Company directors have an almost absolute right of access to company information, which generally extends to privileged communications with company lawyers. It is, however, widely accepted that limitations on the right of directors to access are appropriate in certain circumstances. Where the interests of one or more directors (or of the shareholder for whom the director sits on the board of directors) have clearly diverged from the interests of the company, the company may seek to retain the books and records of the opposing administrator. Recent decisions of the Delaware Court of Chancellery have offered specific guidance on the governance procedures a company must follow to invoke the adversity exception to director access, and the scope of the restrictions allowed on it. access to company information.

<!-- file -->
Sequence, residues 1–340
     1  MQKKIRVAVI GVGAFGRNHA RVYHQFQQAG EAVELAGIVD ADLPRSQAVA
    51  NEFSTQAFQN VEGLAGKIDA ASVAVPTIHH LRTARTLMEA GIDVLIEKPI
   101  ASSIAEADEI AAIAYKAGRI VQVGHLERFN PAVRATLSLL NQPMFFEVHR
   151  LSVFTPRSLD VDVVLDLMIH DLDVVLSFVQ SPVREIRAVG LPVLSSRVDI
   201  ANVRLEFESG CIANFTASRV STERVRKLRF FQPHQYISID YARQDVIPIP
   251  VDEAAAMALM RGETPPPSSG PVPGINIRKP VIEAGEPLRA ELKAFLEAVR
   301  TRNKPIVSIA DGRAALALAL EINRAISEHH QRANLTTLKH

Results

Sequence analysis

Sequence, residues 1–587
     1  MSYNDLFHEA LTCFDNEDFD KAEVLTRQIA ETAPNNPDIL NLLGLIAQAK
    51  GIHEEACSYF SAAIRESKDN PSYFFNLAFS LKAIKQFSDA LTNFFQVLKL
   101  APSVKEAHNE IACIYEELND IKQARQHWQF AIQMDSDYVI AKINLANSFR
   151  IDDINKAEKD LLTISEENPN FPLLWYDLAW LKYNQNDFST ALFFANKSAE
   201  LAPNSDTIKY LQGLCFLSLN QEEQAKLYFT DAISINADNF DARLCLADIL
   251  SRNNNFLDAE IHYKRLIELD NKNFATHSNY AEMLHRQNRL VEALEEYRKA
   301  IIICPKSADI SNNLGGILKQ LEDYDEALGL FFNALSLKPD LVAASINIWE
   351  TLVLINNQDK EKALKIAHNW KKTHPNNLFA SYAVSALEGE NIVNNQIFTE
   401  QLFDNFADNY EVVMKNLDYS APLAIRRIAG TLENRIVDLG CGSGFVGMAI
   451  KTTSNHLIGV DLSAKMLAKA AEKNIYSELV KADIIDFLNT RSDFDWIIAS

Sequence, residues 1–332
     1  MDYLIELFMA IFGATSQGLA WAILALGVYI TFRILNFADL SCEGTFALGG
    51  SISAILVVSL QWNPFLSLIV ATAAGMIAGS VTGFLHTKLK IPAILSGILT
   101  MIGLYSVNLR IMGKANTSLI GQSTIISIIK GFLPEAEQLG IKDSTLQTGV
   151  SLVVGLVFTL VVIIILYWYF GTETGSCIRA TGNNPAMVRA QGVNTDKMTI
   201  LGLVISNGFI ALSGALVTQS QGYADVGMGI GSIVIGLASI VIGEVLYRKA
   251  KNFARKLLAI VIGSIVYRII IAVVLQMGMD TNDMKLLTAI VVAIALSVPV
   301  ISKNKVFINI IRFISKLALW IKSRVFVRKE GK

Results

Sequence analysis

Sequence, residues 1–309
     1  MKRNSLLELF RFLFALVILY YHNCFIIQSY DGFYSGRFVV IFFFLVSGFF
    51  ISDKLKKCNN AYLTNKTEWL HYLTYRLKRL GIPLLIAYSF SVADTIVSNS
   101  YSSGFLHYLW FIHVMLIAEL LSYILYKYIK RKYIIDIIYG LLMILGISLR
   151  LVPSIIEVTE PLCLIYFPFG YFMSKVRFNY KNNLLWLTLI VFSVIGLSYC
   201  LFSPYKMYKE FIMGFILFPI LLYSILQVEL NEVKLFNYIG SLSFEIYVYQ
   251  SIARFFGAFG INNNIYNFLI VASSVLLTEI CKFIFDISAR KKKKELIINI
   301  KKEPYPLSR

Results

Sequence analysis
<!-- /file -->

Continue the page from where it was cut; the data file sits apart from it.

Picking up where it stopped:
Background

The general right of directors to have unimpeded access to the books and records of the company stems from the recognition that those responsible for the management of the company should have access to all information (including communications with lawyers of the company). company) that a reasonable director needs to make informed decisions. In Delaware, directors are “joint clients” with the company for the purposes of privileged communications with the lawyers of the company. A co-client normally has the right to obtain any advice or other communication shared between the lawyer and any other co-client. But what if the legal or financial interests of one of the co-client directors diverge from those of the company – for example, if certain directors or the shareholder who appointed them announce an intention to sue? an operation that a majority of the board does not believe in the best interests of the company?



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